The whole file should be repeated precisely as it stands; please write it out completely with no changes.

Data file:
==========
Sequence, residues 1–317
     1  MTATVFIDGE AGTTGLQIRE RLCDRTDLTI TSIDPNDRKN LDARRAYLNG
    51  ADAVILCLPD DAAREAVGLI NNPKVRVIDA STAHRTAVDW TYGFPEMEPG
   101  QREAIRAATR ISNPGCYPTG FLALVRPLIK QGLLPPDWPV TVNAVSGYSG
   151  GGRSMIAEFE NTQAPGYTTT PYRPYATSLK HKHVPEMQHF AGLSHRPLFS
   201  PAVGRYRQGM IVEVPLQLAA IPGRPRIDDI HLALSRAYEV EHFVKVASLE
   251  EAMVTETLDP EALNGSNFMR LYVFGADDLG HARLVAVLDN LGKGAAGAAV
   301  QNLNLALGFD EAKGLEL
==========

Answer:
Sequence, residues 1–317
     1  MTATVFIDGE AGTTGLQIRE RLCDRTDLTI TSIDPNDRKN LDARRAYLNG
    51  ADAVILCLPD DAAREAVGLI NNPKVRVIDA STAHRTAVDW TYGFPEMEPG
   101  QREAIRAATR ISNPGCYPTG FLALVRPLIK QGLLPPDWPV TVNAVSGYSG
   151  GGRSMIAEFE NTQAPGYTTT PYRPYATSLK HKHVPEMQHF AGLSHRPLFS
   201  PAVGRYRQGM IVEVPLQLAA IPGRPRIDDI HLALSRAYEV EHFVKVASLE
   251  EAMVTETLDP EALNGSNFMR LYVFGADDLG HARLVAVLDN LGKGAAGAAV
   301  QNLNLALGFD EAKGLEL